On Aug 20, 1861, the 80 Irishmen of F company Phillips Legion (known as the Lochrane Guards), a unit of the Confederate Army, boarded a Macon and Western railway train and rode into history.

It was a festive occasion. Hundreds of family members and well-wishers, complete with a brass band, turned out to see the cream of the Irish community off to war.

The six companies of Phillips Legion eventually were assigned to the 24th. Georgia under the command of Colonel Robert McMillan, from Northern Ireland. Early in December 1862, the 24th held a defensive position overlooking the town of Fredericksburg, known as Marye's Heights. Well dug in on a sunken road behind a stone wall and supported above by the infamous Washington Artillery they awaited General Burnsides Union army of the Potomac.

The assault on Marye's Heights began on Dec 13. Four brigades of union soldiers were repulsed with heavy losses. Their dead and wounded scattered along the Heights. Then in the distance appeared the green flag of the Irish brigade. If General Lee had any doubts about his Irish troops firing on their fellow Irishmen he was soon to be reassured.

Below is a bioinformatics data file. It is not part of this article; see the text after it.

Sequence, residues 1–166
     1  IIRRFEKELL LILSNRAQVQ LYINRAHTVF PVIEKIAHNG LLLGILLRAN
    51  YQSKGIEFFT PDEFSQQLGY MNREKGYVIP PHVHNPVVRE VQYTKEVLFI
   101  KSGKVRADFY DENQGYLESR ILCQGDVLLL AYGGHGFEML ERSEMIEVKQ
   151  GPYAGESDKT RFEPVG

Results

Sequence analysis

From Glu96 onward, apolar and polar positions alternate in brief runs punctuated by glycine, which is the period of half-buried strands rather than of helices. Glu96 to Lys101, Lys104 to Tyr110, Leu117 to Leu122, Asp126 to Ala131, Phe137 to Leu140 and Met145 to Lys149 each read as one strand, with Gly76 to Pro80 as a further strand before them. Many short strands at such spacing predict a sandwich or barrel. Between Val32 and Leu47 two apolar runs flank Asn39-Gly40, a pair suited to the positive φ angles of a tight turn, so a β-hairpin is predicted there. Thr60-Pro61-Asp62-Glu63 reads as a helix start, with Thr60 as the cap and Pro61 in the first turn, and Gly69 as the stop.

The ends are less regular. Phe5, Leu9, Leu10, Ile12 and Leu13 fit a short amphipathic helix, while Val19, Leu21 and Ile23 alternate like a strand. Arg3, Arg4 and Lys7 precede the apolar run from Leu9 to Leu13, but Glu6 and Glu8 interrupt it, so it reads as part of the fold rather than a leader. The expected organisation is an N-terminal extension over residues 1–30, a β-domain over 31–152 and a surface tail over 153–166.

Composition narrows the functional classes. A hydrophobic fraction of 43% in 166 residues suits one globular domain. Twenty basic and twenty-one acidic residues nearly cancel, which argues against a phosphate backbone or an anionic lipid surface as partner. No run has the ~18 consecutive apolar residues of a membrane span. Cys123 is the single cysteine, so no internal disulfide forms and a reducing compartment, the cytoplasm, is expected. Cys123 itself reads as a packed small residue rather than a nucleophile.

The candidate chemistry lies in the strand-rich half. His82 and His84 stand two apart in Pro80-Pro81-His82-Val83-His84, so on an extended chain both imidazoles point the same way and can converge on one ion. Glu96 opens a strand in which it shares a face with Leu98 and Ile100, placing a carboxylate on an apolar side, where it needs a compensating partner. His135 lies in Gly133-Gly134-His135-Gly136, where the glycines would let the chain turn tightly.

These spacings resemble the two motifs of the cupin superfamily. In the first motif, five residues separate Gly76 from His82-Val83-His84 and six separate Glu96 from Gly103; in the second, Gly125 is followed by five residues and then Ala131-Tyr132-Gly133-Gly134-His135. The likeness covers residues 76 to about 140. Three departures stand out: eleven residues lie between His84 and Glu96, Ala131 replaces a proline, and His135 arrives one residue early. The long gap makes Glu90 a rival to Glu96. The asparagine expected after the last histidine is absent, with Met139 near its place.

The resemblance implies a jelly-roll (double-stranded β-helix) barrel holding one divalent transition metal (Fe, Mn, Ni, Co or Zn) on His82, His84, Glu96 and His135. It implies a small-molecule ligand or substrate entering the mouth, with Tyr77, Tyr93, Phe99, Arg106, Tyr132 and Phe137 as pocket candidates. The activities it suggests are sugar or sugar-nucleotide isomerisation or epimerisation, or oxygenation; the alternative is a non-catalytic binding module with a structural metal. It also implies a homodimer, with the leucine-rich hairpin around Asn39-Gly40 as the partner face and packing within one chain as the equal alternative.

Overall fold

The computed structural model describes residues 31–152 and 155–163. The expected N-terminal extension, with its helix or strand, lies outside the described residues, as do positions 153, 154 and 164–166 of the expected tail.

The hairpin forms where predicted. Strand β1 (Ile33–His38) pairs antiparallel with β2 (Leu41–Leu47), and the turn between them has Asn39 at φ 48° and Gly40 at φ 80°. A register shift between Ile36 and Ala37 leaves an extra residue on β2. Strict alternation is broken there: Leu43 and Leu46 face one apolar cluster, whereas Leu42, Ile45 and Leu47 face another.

The Irish Brigade assembled in battle order as best they could under the long-range guns of the Washington Artillery who cut large gaps in their formations. Still, they came.

At 300 yards on the double-quick, the short-range artillery opened up.  Still, they came. At 150 yards Colonel McMillan gave the order to fire and a thousand rifles and muskets destroyed whatever vigor was left in the Irish Brigade.

When the firing stopped and the men behind the wall realized the attack was over, the Lochrane Guards and their fellow soldiers rose threw their hats in the air, and gave the Irish Brigade a great Hurrah for their courage and bravery. They were stopped forty yards from the wall.

On the night after the battle [ according to a New York newspaper ] a union soldier Captain Dowling in an effort to cheer up his troops began to sing his party piece "The song from Backwoods" a well-known song about Irish immigrants. Soon his regiment joined in, then the division, and soon the singing was heard all along the six-mile union front and echoed by their fellow Irishmen on the other side of the Rappahannock River.

Only three Irishmen from the Lochrane Guards were let to surrender two and a half years later at Appomattox.

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